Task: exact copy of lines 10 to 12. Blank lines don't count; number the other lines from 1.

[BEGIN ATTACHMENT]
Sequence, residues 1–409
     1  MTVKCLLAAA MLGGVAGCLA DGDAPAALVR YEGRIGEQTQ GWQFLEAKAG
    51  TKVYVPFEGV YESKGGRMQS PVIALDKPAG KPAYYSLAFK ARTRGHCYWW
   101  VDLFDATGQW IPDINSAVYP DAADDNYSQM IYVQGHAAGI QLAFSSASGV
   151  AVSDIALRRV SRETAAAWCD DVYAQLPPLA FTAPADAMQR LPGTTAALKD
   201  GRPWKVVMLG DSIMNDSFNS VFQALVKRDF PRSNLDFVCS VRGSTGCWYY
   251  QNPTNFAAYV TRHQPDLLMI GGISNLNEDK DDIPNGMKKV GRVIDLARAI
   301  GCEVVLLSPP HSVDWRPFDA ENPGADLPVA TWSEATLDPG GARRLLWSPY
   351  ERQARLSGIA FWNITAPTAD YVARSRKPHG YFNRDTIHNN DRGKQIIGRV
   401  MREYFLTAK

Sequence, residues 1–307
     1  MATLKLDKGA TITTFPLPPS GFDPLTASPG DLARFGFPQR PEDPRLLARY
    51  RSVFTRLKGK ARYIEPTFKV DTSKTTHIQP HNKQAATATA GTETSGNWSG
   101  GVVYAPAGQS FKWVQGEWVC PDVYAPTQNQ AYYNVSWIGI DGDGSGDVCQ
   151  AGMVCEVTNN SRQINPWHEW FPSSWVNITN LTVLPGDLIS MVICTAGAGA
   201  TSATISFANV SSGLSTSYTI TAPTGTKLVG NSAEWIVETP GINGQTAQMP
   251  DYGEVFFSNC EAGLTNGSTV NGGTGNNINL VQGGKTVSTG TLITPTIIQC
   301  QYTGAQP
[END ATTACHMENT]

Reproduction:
   401  MREYFLTAK

Sequence, residues 1–307
     1  MATLKLDKGA TITTFPLPPS GFDPLTASPG DLARFGFPQR PEDPRLLARY